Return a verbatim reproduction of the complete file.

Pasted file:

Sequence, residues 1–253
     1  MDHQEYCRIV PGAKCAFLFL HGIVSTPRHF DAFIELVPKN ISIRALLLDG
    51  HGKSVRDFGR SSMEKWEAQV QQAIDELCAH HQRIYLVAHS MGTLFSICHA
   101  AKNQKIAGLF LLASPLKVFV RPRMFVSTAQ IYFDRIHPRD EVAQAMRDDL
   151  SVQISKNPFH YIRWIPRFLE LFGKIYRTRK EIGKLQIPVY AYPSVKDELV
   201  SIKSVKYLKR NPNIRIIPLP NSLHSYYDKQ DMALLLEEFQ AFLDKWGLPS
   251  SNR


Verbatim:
Sequence, residues 1–253
     1  MDHQEYCRIV PGAKCAFLFL HGIVSTPRHF DAFIELVPKN ISIRALLLDG
    51  HGKSVRDFGR SSMEKWEAQV QQAIDELCAH HQRIYLVAHS MGTLFSICHA
   101  AKNQKIAGLF LLASPLKVFV RPRMFVSTAQ IYFDRIHPRD EVAQAMRDDL
   151  SVQISKNPFH YIRWIPRFLE LFGKIYRTRK EIGKLQIPVY AYPSVKDELV
   201  SIKSVKYLKR NPNIRIIPLP NSLHSYYDKQ DMALLLEEFQ AFLDKWGLPS
   251  SNR